What is it?
When the Audi A7 was introduced in 2010 its fastback coupé styling and five-door package proved to be a compelling combination.
Now Audi hopes to improve the A7’s popularity still further with a facelift and revised 3.0-litre TDI engines, including a high efficiency 3.0-litre TDI Ultra variant.
The standard 268bhp 3.0-litre TDI engine has been substantially upgraded to improve efficiency and reduce fuel consumption, and is being introduced to the A7 range for the first time.
Audi's Ultra version is calibrated to further optimise fuel consumption and CO2. There’s less power at 215bhp but torque is still a plentiful 295lb ft.
The trade-off is worth it in terms of economy though, with the Ultra returning 60.1mpg compared to 54.3mpg for the more powerful engine.
CO2 emissions are correspondingly lower too, at 122g/km rather than 136g/km. SCR (selective catalyst reduction) means the Ultra meets Euro 6 emissions standards and earns ‘clean diesel’ status too.
What's it like?
Despite further optimisation of the engine, there’s no sense that the Audi A7 Ultra is a green machine when driving. The engine is strong, flexible and lively when roused, responding with a subdued growl during hard acceleration.
On the flip side, the TDI is very refined too with no discernible vibration and at a 70mph cruise the engine turns over at a relaxed 2,100rpm. An all-new, dry-sump S tronic dual-clutch gearbox makes its debut in the A7 Ultra and is swift-shifting and smooth.
Good quality roads on the test route threw up few challenges in terms of surface quality and in those conditions the A7’s ride proved supple, with only moderate noise from its 255/50 R19 Pirelli P Zeros. There’s an almost uncanny absence of wind noise too.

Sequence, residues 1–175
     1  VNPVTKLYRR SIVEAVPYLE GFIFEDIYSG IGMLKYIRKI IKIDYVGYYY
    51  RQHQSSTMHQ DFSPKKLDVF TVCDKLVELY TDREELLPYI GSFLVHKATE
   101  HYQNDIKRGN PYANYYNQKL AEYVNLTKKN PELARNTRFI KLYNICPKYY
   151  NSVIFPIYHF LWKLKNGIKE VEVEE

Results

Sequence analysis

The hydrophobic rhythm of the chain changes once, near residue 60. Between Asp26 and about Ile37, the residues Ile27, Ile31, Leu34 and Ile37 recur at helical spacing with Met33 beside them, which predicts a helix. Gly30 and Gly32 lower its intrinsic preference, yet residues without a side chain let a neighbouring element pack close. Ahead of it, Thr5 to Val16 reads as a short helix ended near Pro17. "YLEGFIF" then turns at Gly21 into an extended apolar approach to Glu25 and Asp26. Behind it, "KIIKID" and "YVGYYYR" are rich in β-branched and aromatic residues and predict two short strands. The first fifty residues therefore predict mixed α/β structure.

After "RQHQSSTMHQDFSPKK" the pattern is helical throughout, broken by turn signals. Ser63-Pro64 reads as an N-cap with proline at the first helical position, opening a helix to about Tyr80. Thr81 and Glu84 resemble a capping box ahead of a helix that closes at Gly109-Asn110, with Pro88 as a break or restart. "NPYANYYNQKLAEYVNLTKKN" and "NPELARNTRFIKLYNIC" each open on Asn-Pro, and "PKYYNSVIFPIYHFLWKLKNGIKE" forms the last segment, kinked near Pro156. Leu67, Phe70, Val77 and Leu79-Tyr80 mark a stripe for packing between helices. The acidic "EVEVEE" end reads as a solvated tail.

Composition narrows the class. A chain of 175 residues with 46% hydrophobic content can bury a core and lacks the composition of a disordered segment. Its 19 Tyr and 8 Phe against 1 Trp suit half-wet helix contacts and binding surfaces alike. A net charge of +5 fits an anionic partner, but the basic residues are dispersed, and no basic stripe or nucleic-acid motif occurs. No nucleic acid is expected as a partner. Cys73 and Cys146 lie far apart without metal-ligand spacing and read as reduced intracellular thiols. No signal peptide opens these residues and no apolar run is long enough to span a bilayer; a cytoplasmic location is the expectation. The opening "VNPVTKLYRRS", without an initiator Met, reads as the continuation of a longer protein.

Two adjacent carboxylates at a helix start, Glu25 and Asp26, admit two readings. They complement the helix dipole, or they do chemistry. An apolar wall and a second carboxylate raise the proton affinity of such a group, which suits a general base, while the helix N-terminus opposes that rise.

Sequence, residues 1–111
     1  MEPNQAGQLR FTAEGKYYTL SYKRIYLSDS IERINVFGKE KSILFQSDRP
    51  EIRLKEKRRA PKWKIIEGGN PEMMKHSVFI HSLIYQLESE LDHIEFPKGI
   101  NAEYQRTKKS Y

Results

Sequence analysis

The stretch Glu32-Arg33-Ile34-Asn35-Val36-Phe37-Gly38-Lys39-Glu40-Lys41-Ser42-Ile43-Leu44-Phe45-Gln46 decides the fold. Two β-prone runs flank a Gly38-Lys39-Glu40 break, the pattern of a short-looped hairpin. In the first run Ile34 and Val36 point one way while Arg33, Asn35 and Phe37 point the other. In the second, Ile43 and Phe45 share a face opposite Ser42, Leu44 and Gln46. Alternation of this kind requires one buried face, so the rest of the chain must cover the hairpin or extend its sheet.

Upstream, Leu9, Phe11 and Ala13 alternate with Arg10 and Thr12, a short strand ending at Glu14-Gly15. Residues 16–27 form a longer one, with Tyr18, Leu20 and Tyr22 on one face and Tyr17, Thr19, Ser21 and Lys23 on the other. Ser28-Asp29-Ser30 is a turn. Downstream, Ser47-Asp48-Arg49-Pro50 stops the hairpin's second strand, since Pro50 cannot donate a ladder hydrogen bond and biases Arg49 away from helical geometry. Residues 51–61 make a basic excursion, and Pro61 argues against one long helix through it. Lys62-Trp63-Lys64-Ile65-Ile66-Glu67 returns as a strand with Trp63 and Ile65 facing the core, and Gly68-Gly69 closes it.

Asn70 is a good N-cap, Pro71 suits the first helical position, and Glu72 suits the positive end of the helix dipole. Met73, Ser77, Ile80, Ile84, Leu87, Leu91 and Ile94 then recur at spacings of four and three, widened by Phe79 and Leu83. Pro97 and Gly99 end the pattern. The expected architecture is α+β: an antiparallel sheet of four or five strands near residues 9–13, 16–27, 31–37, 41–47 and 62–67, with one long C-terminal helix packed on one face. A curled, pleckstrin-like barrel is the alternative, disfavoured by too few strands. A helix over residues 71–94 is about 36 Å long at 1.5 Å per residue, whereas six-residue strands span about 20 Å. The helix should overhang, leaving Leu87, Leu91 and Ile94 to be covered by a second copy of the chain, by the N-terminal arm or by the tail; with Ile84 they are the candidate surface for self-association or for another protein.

The steering is no thriller and initial response is relaxed to say the least. Feel errs towards the steady and stable at a B-road pace, not just at motorway speeds, but on the plus side the Audi A7 grips tenaciously in bends with only moderate body roll.
In the Drive Select menu the Efficiency setting dials-in a sluggish throttle response to filter inefficient driver input, while Dynamic sharpens everything such that keener drivers may just leave it there.
The facelift includes the addition of Audi’s single frame grille, changes to the bumpers and trapezoidal tailpipe apertures. The A7 now has LED headlamps as standard but there’s also the option of the very latest technology Matrix LED lamps which dim individual diodes in the cluster to avoid dazzling oncoming traffic.
High quality materials are lavished on a beautifully trimmed interior as is usual with Audi, although some of the available choices, like wood trim on the test car, seem at odds with the sporty exterior.
Infotainment systems comprise the latest Audi MMI (multi media interface) and there’s an optional Bang & Olufsen version too.